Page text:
The sardines, then, were caught in the Adriatic. To be honest with you, we don't eat as much fish as we used to do in the past. I gave up meat last September for environmental reasons and when we buy fish we make sure it comes from Italy (except anchovies...) and in a sustainable manner. By the way, one of the best exhibitions I've seen so far in Venice is the one by amazing Joan Jonas called Ocean Space, which revolves around life under water, what we have been doing to our see and how much damage we have caused. Unfortunately I am a very impressionable individual and because I am involved in the food industry and have been reading so much about it, I have to deal with all my worries when I do our food shopping. Being just two in the house makes it easy to shop local and fresh, still... I realise there is a lot of work still to do, especially for what concerns plastic consumption. Anyway, I don't want to bore you with these thoughts, it was just a way to explain why lately my recipes are mainly vegetarian ...
Going back to us, the butterfly sardine recipe takes only a few minutes. Vito cleaned the sardines for me then I did the rest and, allow me, they were very flavoursome! We accompanied them with a side salad with lettuce, marinated red onion and capers, some toasted bread and ... that's it! After lunch we went to an elementary school just behind our house to vote for the European elections and then we wandered around some external pavilions. A simple yet wonderful Sunday!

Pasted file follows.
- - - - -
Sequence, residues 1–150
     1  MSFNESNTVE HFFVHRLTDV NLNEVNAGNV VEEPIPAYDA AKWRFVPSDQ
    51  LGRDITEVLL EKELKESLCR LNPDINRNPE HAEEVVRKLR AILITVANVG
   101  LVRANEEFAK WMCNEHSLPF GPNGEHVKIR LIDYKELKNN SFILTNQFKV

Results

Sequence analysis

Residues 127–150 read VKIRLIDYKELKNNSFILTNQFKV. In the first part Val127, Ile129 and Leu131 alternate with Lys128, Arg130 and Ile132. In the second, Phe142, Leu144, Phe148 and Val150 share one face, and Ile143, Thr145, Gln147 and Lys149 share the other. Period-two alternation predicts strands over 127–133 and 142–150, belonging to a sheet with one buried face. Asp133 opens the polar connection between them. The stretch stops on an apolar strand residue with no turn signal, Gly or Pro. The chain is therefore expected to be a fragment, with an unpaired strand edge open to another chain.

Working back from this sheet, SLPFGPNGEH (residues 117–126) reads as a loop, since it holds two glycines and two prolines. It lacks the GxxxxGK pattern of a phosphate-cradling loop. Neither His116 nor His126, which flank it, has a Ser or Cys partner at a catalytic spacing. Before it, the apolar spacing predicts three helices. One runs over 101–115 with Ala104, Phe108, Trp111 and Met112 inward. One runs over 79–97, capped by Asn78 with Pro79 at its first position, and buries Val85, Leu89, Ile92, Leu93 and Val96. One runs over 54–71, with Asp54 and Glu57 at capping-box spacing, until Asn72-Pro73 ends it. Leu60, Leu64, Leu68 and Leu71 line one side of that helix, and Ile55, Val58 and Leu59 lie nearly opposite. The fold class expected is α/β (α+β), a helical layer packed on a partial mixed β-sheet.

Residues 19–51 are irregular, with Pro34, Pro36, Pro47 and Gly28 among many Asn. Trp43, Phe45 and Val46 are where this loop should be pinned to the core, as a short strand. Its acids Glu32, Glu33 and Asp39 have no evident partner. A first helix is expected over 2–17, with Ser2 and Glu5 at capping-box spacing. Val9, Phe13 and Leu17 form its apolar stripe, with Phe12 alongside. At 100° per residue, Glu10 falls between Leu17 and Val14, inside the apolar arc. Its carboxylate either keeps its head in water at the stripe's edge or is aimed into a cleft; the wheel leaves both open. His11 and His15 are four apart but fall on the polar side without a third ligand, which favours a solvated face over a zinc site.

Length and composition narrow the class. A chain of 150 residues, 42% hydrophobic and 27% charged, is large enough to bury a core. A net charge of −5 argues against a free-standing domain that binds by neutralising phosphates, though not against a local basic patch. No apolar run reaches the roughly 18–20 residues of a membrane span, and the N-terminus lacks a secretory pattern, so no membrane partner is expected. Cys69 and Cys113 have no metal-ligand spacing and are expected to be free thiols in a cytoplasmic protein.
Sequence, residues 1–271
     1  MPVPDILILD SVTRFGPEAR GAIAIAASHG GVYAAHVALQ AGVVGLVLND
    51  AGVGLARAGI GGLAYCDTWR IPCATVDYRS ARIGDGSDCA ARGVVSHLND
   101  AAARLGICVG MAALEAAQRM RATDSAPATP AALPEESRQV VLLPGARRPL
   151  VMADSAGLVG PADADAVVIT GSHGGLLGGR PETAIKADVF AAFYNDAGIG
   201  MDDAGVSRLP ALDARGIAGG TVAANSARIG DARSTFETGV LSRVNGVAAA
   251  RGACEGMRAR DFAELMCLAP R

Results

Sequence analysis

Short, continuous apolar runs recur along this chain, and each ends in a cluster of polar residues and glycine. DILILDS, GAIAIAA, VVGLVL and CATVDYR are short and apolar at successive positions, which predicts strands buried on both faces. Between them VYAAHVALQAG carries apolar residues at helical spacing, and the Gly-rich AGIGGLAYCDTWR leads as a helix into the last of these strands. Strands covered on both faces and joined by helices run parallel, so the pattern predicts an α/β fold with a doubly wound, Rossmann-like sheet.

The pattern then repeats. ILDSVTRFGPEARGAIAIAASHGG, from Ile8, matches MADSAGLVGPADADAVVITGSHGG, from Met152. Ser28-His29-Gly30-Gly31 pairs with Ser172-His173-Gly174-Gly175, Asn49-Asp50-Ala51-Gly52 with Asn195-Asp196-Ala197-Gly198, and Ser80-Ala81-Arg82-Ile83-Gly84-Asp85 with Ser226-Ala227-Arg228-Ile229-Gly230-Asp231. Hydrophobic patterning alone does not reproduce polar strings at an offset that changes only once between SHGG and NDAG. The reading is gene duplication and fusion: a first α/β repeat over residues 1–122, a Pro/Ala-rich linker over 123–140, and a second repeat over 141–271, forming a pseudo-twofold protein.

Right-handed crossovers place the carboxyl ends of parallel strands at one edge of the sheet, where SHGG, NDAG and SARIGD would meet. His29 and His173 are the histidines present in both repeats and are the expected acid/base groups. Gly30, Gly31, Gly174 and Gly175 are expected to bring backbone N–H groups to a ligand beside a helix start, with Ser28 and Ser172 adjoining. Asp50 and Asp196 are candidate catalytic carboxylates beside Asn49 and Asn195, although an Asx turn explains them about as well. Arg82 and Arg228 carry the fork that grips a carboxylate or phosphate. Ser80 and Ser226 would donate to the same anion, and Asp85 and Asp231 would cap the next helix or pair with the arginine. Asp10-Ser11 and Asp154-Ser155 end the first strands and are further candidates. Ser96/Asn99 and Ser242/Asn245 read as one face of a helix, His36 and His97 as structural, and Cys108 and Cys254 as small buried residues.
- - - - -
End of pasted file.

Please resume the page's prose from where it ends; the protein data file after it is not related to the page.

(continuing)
Hope you had a great weekend too and speak to you soon! Meanwhile, have a great week!
BUTTERFLY SARDINES WITH BREADCRUMBS, RAISINS, PINE NUTS, LEMON AND MINT
Prep. Time: 15', Cook Time: 10'
1/2 kg sardines (approx. 30 sardines)
5 taralli ( or 3 tbsp breadcrumbs)
2 tbsp pine nuts
2 tbsp raisins
10/12 mint leaves
1 organic lemon
1. To clean the sardines, rinse well under fresh water to remove any scales and start by removing their head, with your thumb scrape out the entrails and rinse again. With your thumb, gently press to separate the bone from the skin and extract it delicately.
2. Crush the taralli and roughly chop with raisins and pine nuts.
3. Grate some lemon zests, chop the mint, and keep aside.
4. On a flat surface, place the sardines skin side down on a piece of parchment paper, pour a few drops of oil and then cover with part of the mixture, the lemon zests and some roughly chopped mint.
5. Pre-heat oven at 180°. Roll the sardines starting from the side of the head. Once rolled, gently press to make sure they stay together.
6. Put in a pan, sprinkle the remaining part of mixture, squeeze some lemon juice, pour a few drops of oil oil and bake for 8/10 minutes at 180°.
7. Serve hot out of the oven. Delicious!